We trekked for about 8 hours total

We walked by a few locals

Looking towards Annapurna IV (7525m) and Annapurna II (7939m)

Annapurna South, Annapurna I, Machhapuchhre

Machhapuchhre is considered holy by the people of Nepal because it hasn't
been touched and is therefore pure - nobody is allowed to climb it

I took advantage of the fact that we had our guide to help take pictures of us

We were so lucky to have a clear day - I couldn't stop taking photos

Annapurna Himalayan Range with rice fields

Close up of Mt. Fish Tail

Annapurna South and Annapurna I

Even closer shot of Mt. Fish Tail

Annapurna South

Annapurna IV and Annapurna II

Paul enjoying the view

Looking towards Annapurna IV and Annapurna II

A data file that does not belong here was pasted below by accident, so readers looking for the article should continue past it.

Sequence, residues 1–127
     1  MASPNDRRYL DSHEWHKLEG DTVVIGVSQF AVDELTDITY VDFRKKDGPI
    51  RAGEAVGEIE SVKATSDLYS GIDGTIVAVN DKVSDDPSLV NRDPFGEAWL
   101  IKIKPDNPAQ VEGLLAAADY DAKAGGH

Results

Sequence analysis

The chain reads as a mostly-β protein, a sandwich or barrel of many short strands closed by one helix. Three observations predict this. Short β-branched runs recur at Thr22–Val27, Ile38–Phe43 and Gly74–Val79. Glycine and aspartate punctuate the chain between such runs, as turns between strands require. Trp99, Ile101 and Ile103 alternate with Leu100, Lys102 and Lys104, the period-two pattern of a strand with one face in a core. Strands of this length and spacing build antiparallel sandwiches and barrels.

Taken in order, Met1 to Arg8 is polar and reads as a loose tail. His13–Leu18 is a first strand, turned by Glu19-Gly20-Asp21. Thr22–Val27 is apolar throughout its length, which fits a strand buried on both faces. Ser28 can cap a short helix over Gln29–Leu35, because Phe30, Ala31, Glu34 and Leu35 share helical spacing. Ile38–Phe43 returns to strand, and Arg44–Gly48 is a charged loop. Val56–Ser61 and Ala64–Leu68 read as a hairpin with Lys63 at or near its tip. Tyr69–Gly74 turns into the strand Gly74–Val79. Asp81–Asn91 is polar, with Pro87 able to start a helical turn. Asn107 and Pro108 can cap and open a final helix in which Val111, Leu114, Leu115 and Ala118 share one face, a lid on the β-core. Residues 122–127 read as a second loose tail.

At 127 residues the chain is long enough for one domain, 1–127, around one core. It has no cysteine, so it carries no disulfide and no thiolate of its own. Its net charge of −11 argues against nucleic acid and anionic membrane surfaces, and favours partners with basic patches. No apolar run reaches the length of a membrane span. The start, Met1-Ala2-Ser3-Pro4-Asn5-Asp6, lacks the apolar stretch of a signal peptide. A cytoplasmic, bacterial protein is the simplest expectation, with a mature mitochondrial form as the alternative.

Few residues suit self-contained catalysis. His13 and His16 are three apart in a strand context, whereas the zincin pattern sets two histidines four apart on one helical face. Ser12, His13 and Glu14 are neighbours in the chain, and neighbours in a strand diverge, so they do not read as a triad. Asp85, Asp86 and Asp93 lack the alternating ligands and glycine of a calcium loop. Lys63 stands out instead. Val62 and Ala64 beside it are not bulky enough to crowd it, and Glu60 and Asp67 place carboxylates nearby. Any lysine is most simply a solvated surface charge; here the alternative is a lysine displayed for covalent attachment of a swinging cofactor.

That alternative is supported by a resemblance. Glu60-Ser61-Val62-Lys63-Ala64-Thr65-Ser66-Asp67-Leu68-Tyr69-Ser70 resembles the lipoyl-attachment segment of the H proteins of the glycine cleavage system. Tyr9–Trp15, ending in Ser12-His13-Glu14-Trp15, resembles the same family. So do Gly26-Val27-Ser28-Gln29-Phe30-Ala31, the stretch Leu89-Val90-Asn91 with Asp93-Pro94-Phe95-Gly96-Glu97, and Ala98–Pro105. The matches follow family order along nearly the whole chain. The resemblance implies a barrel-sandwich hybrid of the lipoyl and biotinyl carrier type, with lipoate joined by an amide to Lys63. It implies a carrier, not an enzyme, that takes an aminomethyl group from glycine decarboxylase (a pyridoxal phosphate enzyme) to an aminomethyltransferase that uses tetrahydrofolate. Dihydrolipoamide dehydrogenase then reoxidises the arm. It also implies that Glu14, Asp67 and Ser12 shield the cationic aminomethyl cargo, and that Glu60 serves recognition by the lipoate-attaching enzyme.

Rice fields

This dog followed us for awhile - he was homeward bound

Bleat Bleat

Cool shot of Paul and the valley

Eagles looking for prey

There were a ton of them

We stopped to rest and hung out with this smiling goat

This little girl was watching us

This goat was surveying the area

He was eating some slop

Do I have an unhealthy obsession with goats?

Locals having some tea

I liked the color of these window panes

Bull

This one almost looks like a cartoon

There were lots of pictures to take

We are finally almost done with our trek

Pretty flower

Paul is always a few steps ahead

"Home is behind us and the world is ahead" - The Hobbit

Paul's usual stance when I'm falling behind

We also saw some wild cats

Last shot before we made it all the way down

We headed back to Kathmandu the next day and the main reason we had to stay there for the next 10 days was because we were applying for our India visa. It's a bit of a process to get - you have to go to the visa office three times. The first two times you wait an average of 2 hours. The last visit is to pick up your passports so that visit is the quickest.

Baggage claim at Kathmandu airport is pretty simple